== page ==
US Secretary of State Mike Pompeo has blamed Iran for Saturday’s drone attacks on Saudi oil facilities.
He dismissed a claim by Yemeni Houthi rebels that they had attacked the two facilities, run by state-owned company Aramco.
Saudi Arabia’s energy minister said the strikes had reduced crude oil production by 5.7 million barrels a day – about half the kingdom’s output.
Correspondents say they could have a significant impact on world oil prices.
TV footage showed a huge blaze at Abqaiq, site of Aramco’s largest oil processing plant, while a second drone attack started fires in the Khurais oilfield.
The Saudis lead a Western-backed military coalition supporting Yemen’s government, while Iran backs the Houthi rebels.
If the rebels were responsible for the attacks, their drones would have had to fly hundreds of miles from Yemen into central Saudi Arabia.
Meanwhile experts are investigating whether the attacks could have been carried out from the north – either by Iran or its Shia allies in Iraq – using cruise missiles rather than drones, the Wall Street Journal reports.
Tensions between the US and Iran have escalated in recent months. since US President Donald Trump abandoned a deal limiting Iran’s nuclear activities last year and reinstated sanctions.
What did Mike Pompeo say?
In a tweet, Mr Pompeo said there was “no evidence” the drones came from Yemen.
He described the attack as “an unprecedented attack on the world’s energy supply”.
Tehran is behind nearly 100 attacks on Saudi Arabia while Rouhani and Zarif pretend to engage in diplomacy. Amid all the calls for de-escalation, Iran has now launched an unprecedented attack on the world’s energy supply. There is no evidence the attacks came from Yemen.
End of Twitter post by @SecPompeo
“We call on all nations to publicly and unequivocally condemn Iran’s attacks,” Mr Pompeo added.
The US would work with its allies to ensure energy markets remained well supplied and “Iran is held accountable for its aggression”, he added.
The White House said Mr Trump had offered US support to help Saudi Arabia defend itself.
What do the Houthis say?
A spokesman said the rebels had deployed 10 drones in the attacks.
Yahya Sarea told al-Masirah TV, owned by the Houthi movement and based in Beirut, that further attacks could be expected in the future.
He said Saturday’s attack was one of the biggest operations the Houthi forces had undertaken inside Saudi Arabia and was carried out in “co-operation with the honourable people inside the kingdom”.
How has Saudi Arabia responded?
There are no details about the damage caused by the attacks but officials say there were no casualties.
Saudi state media reported that Saudi Crown Prince Mohammed bin Salman had told President Trump in a telephone conversation that the kingdom was “willing and able to confront and deal with this terrorist aggression”.
Abqaiq is about 60km (37 miles) south-west of Dhahran in Saudi Arabia’s Eastern Province, while Khurais, some 200km further south-west, has the country’s second largest oilfield.
Saudi security forces foiled an attempt by al-Qaeda to attack the Abqaiq facility with suicide bombers in 2006.
Production cut could hit world prices
Analysis by BBC business correspondent Katie Prescott
Aramco is not only the world’s biggest oil producer, it is also one of the world’s most profitable businesses.
The Khurais oilfield produces about 1% of the world’s oil, and Abqaiq is the company’s largest facility – with the capacity to process 7% of the global supply. Even a brief or partial disruption could affect the company, and the oil supply, given their size.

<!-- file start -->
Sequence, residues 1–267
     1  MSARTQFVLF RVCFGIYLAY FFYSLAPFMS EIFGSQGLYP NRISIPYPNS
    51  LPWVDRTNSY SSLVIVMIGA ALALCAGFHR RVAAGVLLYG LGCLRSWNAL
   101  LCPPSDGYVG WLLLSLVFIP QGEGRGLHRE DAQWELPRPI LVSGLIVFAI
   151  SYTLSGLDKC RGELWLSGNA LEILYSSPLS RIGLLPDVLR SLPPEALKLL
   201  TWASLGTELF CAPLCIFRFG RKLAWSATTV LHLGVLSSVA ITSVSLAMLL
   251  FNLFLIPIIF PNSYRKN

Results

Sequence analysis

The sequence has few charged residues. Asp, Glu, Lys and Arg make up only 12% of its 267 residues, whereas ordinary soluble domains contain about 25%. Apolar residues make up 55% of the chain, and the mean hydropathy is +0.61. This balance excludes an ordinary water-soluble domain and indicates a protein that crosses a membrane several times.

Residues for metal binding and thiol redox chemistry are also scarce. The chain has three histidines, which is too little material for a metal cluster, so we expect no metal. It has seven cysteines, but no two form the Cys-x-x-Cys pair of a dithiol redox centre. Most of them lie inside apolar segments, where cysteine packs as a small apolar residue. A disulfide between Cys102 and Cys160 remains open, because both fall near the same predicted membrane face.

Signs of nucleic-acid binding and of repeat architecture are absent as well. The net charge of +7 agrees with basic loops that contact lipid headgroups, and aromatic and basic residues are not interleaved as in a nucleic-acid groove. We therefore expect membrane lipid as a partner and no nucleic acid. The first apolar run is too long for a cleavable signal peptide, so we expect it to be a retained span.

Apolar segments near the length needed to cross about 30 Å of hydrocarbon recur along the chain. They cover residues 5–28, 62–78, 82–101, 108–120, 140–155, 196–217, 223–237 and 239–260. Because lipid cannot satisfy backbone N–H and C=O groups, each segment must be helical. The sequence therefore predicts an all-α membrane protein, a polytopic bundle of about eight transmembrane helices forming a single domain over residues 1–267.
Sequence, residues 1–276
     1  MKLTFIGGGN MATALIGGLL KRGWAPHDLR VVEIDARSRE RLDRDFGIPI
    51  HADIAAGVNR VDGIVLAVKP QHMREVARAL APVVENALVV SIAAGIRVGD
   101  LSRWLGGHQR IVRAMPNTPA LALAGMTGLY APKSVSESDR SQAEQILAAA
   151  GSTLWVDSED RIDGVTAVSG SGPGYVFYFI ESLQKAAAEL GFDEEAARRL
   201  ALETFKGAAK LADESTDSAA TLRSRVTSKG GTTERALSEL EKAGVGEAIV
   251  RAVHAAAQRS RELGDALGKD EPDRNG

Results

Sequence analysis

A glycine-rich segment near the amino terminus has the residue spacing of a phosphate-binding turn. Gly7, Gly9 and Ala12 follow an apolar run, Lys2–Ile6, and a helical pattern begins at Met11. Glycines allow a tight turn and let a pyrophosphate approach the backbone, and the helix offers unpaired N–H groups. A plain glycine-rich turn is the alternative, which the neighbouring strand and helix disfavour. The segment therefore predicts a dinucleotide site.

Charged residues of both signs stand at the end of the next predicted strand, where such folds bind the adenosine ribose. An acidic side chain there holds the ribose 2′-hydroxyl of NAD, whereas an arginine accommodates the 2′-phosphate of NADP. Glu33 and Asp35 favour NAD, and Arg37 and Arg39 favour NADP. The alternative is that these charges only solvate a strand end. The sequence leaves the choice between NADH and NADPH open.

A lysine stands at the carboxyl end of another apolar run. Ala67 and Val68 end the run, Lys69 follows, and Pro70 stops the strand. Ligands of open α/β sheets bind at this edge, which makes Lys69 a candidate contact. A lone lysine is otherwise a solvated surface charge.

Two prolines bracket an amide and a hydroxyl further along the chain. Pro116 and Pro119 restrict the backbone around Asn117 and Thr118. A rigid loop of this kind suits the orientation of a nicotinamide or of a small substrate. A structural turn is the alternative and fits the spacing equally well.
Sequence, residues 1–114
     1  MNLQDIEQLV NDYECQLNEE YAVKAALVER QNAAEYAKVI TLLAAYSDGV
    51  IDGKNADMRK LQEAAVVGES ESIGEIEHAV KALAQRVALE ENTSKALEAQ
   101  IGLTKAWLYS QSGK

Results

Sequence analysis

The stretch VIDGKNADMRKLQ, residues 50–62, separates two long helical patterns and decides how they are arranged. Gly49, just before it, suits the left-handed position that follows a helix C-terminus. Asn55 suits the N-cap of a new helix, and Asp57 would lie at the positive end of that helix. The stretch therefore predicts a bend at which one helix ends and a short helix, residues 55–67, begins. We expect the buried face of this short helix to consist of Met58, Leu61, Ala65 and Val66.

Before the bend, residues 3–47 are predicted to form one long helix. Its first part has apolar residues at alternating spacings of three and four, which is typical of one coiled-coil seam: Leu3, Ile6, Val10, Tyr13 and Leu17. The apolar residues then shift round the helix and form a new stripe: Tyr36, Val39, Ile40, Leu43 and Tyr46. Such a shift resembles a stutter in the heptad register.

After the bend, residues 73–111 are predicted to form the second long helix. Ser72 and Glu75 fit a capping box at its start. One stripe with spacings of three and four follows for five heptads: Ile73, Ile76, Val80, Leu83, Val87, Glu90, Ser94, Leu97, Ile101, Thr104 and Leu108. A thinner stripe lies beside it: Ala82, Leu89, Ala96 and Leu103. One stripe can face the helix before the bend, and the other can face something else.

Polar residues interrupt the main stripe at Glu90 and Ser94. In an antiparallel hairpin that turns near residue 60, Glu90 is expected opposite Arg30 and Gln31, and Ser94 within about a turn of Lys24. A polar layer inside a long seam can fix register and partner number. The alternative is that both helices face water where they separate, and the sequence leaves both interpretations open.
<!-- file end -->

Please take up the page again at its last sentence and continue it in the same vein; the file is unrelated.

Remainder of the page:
There was a sharp intake of breath as analysts I spoke to today digested the information that reports suggest that half of Saudi Arabia’s oil production could have been knocked offline by these attacks.
The country produces 10% of the world’s crude oil. Cutting this in half could have a significant effect on the oil price come Monday when markets open.
The success of the drone strike shows the vulnerability of Aramco’s infrastructure, at a time when it is trying to show itself in its best light while gearing up to float on the stock market.
And it raises concerns that escalating tensions in the region could pose a broader risk to oil, potentially threatening the fifth of the world’s supply that goes through the critical Strait of Hormuz.
Who are the Houthis?
The Iran-aligned Houthi rebel movement has been fighting the Yemeni government and a Saudi-led coalition.
Yemen has been at war since 2015, when President Abdrabbuh Mansour Hadi was forced to flee the capital Sanaa by the Houthis. Saudi Arabia backs President Hadi, and has led a coalition of regional countries against the rebels.
The coalition launches air strikes almost every day, while the Houthis often fire missiles into Saudi Arabia.
Mr Sarea, the Houthi group’s military spokesman, told al-Masirah that operations against Saudi targets would “only grow wider and will be more painful than before, so long as their aggression and blockade continues”.
Houthi fighters were blamed for drone attacks on the Shaybah natural gas liquefaction facility last month, and on other oil facilities in May.
There have been other sources of tension in the region, often stemming from the rivalry between Saudi Arabia and Iran.
Saudi Arabia and the US both blamed Iran for attacks in the Gulf on two oil tankers in June and July, allegations Tehran denied.
Tension in the vital shipping lanes worsened when Iran shot down a US surveillance drone over the Strait of Hormuz in June, leading a month later to the Pentagon announcing the deployment of US troops to Saudi Arabia.
Source: Read Full Article